Madeira is one of Europes best kept travel secrets, a stunning volcanic island full of breathtaking scenery, adventure activities, exciting history and delicious cuisine, and here are the 15 best bucket list things to see and do in Madeira.
Madeira is one of Europe’s most popular holiday destinations, and for very good reason. Situated half way between Europe and Africa in the middle of a Portuguese archipelago, it boasts year round good weather, stunning volcanic landscapes, UNESCO heritage forest parks filled with waterfalls and lagoons and a cuisine famed for its local delicacies. It’s small size means that travellers can easily explore it in a relatively short time period, but make no mistake this little island packs a punch and makes sure there is more than enough to keep anyone entertained for a long time, no matter what your interests. Here is just 15 of the best, most iconic things to see and do in Madeira that any visitor has to tick off their bucket list!
Madeira is a stunning volcanic island with no shortage of breathtaking coastal views and a variety of landscapes that travellers can never get tired of admiring, and with over 450 official hiking trails it’s safe to say that no traveller will run out of views to choose from! From the famous Levada walks to scaling the highest peak at Pico Ruivo, there really is something for everyone. The official trails range from easy walks through to challenging treks that all but the most confident and experienced of hikers should hire a guide for, but whicever path you choose hiking in Madeira is an absolute must.
On an island made up of spectacular viewing points you really have to make something special to make it stand out, and you’ll find exactly that at Cabo Girão! This skywalk is a glass walkway that protrudes out over a cliff face on the islands south coast. It feels like you are in cloud city rather than a simple viewing point, with unbeatable views over the ocean and Funchal, and the unique selling point of the walkway, the transparent glass bottom where you can see the strips of farmland far below. And the best thing, like the other viewing points in Funchal, it is absolutely free!
Ponta De Sao Lourenco.
Madeira is not short of stunning coastal paths and hikes, but this one deserves singling out. In Canical, on the extreme east of Madeira, is one of the islands most unique and stunning nature reserves, with a dramatic volcanic coastline and views over the Atlantic ocean that are a spectacular reward for hikers who make the journey. The area has been a nature reserve since 1982 and has distinctive flora and fauna that take advantage of the unique climate and ecosystems. There are also a number of jeep tours that will stop off at various viewpoints on half day tours for those who don’t quite feel up to the hike.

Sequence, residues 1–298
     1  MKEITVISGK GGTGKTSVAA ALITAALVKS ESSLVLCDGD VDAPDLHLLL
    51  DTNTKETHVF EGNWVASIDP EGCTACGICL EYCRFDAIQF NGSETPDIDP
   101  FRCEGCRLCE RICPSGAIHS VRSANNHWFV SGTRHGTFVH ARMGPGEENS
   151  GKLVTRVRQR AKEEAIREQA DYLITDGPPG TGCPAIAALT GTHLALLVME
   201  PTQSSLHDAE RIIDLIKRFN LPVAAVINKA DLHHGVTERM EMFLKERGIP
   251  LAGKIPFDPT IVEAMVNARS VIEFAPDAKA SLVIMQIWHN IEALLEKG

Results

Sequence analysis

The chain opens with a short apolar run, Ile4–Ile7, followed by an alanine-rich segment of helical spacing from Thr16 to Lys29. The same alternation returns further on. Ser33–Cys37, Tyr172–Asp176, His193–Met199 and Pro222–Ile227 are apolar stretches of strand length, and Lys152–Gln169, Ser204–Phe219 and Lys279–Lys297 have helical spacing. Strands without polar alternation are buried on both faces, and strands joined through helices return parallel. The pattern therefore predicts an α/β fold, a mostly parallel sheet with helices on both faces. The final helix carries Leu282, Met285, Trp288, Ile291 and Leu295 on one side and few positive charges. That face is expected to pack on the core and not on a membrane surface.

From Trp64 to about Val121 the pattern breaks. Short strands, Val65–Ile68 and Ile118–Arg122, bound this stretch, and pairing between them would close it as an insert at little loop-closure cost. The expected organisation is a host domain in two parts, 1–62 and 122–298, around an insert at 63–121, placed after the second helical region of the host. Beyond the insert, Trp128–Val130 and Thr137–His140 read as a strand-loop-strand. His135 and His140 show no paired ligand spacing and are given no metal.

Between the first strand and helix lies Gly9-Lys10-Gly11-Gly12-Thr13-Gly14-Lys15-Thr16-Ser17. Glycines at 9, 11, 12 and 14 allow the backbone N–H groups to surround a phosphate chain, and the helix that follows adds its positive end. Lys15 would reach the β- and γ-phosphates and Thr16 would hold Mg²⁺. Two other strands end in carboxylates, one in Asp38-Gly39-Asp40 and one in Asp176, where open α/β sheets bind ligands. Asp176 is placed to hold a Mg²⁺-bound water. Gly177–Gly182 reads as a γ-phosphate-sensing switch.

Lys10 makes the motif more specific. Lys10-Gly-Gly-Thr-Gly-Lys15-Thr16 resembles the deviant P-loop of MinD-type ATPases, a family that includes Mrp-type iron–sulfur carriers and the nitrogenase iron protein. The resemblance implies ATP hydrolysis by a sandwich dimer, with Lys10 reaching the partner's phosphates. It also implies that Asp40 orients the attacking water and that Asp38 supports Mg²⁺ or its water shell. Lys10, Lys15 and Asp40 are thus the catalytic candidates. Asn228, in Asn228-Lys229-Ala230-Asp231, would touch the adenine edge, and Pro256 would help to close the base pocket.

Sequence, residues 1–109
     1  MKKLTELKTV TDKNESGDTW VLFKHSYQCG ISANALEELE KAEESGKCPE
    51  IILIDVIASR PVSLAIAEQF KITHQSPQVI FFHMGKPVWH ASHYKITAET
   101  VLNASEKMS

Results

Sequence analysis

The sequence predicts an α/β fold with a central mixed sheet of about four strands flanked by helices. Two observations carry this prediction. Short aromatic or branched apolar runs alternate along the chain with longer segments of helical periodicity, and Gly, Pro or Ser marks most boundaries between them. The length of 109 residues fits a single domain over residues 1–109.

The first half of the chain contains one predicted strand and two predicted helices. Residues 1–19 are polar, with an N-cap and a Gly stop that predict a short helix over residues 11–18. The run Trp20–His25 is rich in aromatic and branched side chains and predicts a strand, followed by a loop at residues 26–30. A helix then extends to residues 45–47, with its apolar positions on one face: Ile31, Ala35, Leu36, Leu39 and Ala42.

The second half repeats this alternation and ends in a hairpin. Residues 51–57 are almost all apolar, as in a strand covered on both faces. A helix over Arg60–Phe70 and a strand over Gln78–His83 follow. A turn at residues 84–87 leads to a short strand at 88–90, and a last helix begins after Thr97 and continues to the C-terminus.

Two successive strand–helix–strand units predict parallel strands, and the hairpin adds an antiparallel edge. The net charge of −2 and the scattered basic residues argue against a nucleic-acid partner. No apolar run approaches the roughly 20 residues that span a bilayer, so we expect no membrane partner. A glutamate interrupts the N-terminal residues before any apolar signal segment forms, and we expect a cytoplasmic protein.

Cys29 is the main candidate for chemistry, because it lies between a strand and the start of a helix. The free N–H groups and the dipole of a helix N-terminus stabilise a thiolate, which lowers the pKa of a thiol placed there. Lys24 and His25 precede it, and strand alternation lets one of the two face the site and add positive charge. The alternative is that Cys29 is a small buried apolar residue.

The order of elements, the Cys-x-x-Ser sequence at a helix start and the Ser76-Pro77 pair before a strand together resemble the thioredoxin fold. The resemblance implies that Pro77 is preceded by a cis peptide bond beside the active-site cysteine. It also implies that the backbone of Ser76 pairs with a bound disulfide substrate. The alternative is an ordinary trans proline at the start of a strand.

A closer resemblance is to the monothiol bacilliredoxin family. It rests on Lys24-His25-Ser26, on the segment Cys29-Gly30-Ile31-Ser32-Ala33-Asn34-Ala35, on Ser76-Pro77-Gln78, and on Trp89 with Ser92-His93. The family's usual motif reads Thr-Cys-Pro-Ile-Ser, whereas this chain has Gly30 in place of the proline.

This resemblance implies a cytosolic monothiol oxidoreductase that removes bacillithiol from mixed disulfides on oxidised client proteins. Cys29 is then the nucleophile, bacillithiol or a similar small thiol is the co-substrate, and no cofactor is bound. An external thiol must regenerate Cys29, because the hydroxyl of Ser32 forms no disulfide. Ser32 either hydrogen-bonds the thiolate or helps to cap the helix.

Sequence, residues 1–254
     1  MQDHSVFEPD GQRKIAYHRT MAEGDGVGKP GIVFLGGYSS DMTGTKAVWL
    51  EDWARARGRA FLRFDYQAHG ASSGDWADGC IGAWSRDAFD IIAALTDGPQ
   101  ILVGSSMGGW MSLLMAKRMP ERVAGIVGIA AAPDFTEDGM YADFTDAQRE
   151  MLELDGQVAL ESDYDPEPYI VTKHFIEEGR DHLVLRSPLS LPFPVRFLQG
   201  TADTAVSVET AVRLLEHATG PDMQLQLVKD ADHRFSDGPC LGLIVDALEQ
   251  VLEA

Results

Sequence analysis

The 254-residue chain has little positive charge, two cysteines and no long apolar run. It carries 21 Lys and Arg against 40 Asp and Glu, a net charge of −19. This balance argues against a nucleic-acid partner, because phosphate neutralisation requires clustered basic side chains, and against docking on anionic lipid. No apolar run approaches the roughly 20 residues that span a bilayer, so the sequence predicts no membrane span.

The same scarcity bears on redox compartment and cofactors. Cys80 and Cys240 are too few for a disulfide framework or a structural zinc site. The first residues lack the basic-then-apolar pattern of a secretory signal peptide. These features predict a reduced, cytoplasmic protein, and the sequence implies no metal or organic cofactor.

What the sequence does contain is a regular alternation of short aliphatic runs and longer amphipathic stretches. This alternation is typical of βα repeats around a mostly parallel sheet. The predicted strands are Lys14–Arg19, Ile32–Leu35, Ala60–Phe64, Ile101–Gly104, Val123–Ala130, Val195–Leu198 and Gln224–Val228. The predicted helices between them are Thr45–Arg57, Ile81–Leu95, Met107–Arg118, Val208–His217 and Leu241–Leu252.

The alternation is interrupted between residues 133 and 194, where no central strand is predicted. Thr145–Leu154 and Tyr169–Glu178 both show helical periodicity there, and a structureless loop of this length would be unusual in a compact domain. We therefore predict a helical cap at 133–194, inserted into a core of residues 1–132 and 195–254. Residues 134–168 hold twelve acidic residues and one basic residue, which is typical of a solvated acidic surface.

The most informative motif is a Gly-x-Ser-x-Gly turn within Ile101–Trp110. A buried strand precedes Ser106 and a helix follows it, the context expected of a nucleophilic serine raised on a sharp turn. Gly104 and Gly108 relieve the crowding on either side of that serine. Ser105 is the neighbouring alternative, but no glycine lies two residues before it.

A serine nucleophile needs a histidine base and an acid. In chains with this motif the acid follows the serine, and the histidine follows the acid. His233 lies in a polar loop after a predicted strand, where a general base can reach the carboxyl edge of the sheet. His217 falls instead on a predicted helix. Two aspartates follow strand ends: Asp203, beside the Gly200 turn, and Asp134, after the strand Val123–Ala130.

Hiking The Levada Walks.
Madeira is famous for its iconic Levadas, the historic waterways that snake through the island. The man made structures date back to the 1500s and take advantage of the volcanic terrain, starting in the wet and rainy north and north west of the island and working their way down to the arid and dry south, providing its inhabitants with drinking water and the famously lush flora and fauna with life sustaining nutrients.
Apart from their practical use, and they are still used today for that precise purpose, they have also created a number of picturesque and unique hiking routes, following the path of various Levadas. There are a range of hikes available for all ages and abilities, from easy but picturesque ambles to challenging routes that will need careful preparation and experience, but all have something to offer, from glorious views of the hundred metre Risco Waterfall (not to mention the many others on the famous Levada dos 25 Fontes) to stunning vistas of the Sao Jorge Valley.
Get a taste of traditional way of life in Madeira by visiting the small town of Santana on the north coast, famous for its traditionally built and whitewashed A frame houses with traditional thatched rooftops. Most homes on the island have abandoned this style as modern islanders need for space and practicality evolved, so it is good to see these traditional homes preserved here.
Exploring The Street Art Of Funchal.
One of the true and often overlooked gems of Funchal is located in its ‘old quarter’, or zona velha. This neighbourhood has completely regenerated itself thanks to the work of local artists who – with the help of a local government initiative – created the ‘Art of Open Doors’ exhibition, where each door and even walls, nooks and window frames are decorated with unique designs.
If you want to see the area specifically for its street art then visit early in the morning. In the early afternoon the area explodes with restaurants, poncha bars and little handmade craft stores as well as an art gallery or two. It is well worth staying here to explore all of this too, but you do miss out on some of the door art. In my opinion it is just a great excuse to spend the whole day here!
Go Whale And Dolphin Watching.
Madeira isn’t just a popular spot for tourists, the Atlantic Ocean’s half way point between Europe and Africa is popular with an array of marine and bird life too. The most popular species to spot are of course whales and dolphins, and there are a number of operators that will take you out on trips to try and catch a glimpse of a whole array of different species. Just make sure you do your research beforehand and ensure that the operator you choose are working in an ethical way.
Enjoy The Cafe Culture.